Finally, today a mix of technologies, especially biotechnology and artificial intelligence (AI), threaten a revolution of unprecedented power to reshape our human future in ways that are not benign.  Technology defines our cultural context now.  Technology, with its great potential for good or for bad, is a fruit of another revolution, the “scientific” one heralded long ago by one of its great prophets, Sir Francis Bacon (1561-1626).  Bacon called for a “Great Renewal” (Instauratio Magna, 1620) with a new “instrument” or “logic” (Novum Organum) to replace the university Aristotelianism of his day, namely, the new empirical science and its methods.  Bacon gave us the aphorism “knowledge is power,” power to control and manipulate our human environment as we wish.  Bacon, as well as most scientists, would see this prospect of control being used benevolently for the betterment of human life.  Medical science is a good example.  But if knowledge, “science,” becomes disconnected from any transcendent good or telos, its fruit, technology, can become a harsh taskmaster, rendering anything “good” simply because human beings can do it.  What is “good” becomes what is useful according to some immanent telos we make up because we can.  Welcome to the immanent frame of our postmodern world.  I don’t think it would have surprised Augustine.  

Baconian science, no matter how good it is in principle, cannot tell us what is right or wrong.    Ultimately this is because Bacon applied William of Occam’s very sharp “razor” to shave off Aristotelian “formal” and “final” causes from the world.  Modern people no longer know what these closely related ”causes” are—they have become incomprehensible or implausible, in spite of the fact that we never really do without them.    In a nutshell, “form” tells us what something is, that is, what is its nature, essence or meaning.  “Finality” or “telos” tells us what something is for.  Thus, if we do not know what something is, or what it is for, we have no way of telling whether it is “good” or “bad.”  It just is a given.  Machines are good or bad according to their usefulness. Since human being cannot do without some telos, we can only look to usefulness for a criterion.  The rich and powerful of the world, not the poor and weak, normally get to define what “useful” is.  Is not this what multiple voices at our Conference told us to be wary of?  

Simon Oliver’s book mentioned above explains how the modern mind came to think this way.  To the new Baconian logic, we only needed “material” and “efficient” causes to understand the world: matter and the forces acting on it.   Isaac Newton did not need to know what gravity “is” in order to make calculations based on the mathematical form of the forces acting between material objects.  The world came to be seen as a machine.  Thus its apparent design could only be imposed upon it externally, instead of arising intrinsically and internally from its form and telos, expressive of a good logos underlying the world.  God the designer eventually becomes superfluous to the mechanical forces and scientific order of the “real” world, and we are left only to do whatever we want with the imaginary “God” of our private imaginations.  However, as I do modern physics, I cannot help but see classical form and telos everywhere, even in atomic and molecular structure.  Science needs a recovery operation on these essential concepts if it is to be faithful to the logos of Reality.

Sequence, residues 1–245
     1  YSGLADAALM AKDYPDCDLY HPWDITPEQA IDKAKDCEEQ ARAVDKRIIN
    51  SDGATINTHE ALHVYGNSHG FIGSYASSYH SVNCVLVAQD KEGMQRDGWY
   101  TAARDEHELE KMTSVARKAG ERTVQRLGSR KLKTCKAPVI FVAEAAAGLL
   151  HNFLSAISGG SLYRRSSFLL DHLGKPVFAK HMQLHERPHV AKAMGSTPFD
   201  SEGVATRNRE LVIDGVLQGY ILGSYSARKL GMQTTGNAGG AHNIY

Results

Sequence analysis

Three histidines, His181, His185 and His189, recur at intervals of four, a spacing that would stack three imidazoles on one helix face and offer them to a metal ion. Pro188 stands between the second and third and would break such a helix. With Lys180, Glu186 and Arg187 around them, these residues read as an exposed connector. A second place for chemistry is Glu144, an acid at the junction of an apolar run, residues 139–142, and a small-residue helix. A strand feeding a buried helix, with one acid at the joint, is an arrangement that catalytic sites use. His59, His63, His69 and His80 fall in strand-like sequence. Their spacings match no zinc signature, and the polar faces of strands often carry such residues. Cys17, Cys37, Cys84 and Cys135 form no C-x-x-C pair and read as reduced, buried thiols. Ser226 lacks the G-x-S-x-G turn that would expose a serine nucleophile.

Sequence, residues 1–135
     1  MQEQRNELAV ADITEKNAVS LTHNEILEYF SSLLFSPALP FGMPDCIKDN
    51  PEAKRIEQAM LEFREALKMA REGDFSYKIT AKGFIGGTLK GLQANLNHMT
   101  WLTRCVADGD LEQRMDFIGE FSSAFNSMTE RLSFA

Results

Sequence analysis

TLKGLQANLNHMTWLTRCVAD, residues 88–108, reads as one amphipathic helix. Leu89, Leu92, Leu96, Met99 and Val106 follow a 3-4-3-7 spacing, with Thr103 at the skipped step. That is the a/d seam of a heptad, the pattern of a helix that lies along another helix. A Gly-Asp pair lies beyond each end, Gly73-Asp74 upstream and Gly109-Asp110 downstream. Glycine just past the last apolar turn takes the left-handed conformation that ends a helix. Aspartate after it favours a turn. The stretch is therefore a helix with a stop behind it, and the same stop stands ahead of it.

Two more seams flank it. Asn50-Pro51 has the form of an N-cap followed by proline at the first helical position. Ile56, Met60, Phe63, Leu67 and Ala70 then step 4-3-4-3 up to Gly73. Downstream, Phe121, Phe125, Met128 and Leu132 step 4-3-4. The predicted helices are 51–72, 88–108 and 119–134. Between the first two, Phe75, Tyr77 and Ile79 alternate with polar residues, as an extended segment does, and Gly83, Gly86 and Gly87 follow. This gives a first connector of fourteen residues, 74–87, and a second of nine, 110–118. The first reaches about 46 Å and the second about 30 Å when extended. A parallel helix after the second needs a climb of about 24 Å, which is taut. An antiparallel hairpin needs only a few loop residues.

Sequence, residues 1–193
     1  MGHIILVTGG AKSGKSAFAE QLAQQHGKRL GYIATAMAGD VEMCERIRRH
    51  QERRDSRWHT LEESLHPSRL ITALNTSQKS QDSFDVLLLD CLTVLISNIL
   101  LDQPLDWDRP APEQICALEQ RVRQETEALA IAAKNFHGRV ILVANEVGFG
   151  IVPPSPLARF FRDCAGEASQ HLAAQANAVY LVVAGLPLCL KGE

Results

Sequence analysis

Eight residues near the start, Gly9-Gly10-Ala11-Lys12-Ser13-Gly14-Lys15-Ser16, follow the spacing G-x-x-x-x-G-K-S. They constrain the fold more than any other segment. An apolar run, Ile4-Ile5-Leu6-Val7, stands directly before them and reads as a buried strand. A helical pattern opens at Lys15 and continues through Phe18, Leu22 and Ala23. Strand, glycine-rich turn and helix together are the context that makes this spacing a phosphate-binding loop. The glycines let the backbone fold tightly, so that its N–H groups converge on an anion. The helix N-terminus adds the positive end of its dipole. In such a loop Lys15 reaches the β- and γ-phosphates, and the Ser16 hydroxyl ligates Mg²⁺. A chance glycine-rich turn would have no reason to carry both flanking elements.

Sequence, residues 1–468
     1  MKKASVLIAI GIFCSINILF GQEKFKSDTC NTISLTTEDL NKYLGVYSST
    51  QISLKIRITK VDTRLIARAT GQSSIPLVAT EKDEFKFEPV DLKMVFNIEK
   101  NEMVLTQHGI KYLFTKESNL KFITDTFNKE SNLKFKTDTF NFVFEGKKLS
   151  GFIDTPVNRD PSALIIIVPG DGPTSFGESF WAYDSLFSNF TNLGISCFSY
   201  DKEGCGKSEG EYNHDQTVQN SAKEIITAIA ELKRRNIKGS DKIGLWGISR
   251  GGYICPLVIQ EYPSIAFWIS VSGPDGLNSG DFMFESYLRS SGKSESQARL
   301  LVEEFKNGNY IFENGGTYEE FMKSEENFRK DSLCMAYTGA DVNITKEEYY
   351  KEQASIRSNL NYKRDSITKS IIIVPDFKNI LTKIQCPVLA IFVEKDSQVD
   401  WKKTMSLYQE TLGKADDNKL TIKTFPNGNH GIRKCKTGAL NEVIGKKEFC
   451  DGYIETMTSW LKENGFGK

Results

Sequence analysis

Will our technology only be informed by the power of the saeculum, with its necessarily flattened version of Reality confined to the immanent frame with its telos of self-love and utility?  As Augustine knew so well in his own era, we can and must do better than that if humanity is to flourish.  

Consequently, can we have a Great Renewal of the human imagination for our time centered on the cosmic logic of Christ?  Can the face of God seen in Jesus draw the world to its form and telos grounded in goodness, truth, beauty, and self-giving love.  Can we recover the depth of such familiar words, whose meanings have been severely truncated by the flattened horizon of the modern saeculum?   Love is defined by Christ, not by the saeculum.  The love of God manifested in Christ Jesus is ultimately the only good news the world has.  It is good news for all people and for all time, and all knowledge or “science” can stand in its light.  The form of Christ is never to be imposed by the ways of deception and violence inherent in the saeculum.  Christoformity can only come by the attractive power of goodness and love, a work of the Spirit.   

Can our science come to appreciate creation as a gift, not just a given? Furthermore, it is a gift of love with the telos of enabling our participation in its developmental order.  Participation is pilgrimage towards our final City.  The theology of gift is powerful.   It is the Christocentric logic of the Bible.  A gift calls for thanksgiving, which is the heart of eucharist: thanksgiving for my own life, for parents, relatives, friends and neighbors, even for the “Other;” thanksgiving also for the created order, atoms and galaxies all.   

Do we have the confidence to live with no fear in the City of God amidst the City of Man?  For “perfect love casts out fear” (1 John 4:17). The telos of the heavenly City is love, for Scripture in the end is simply a love story, and we are to live according to its rightly ordered love.  Augustine said it simply and beautifully in The City of God (XV.22):  “Hence, as it seems to me, a brief and true definition of virtue is ‘rightly ordered love.’  That is why in the holy Song of Songs Christ’s bride, the City of God, sings ‘Set love in order for me.’”  Does this song not define the challenge of our time?  Can Scripture’s song be an imaginative springboard to energize a Great Renewal of culture where knowledge and love are rightly ordered, no longer separated?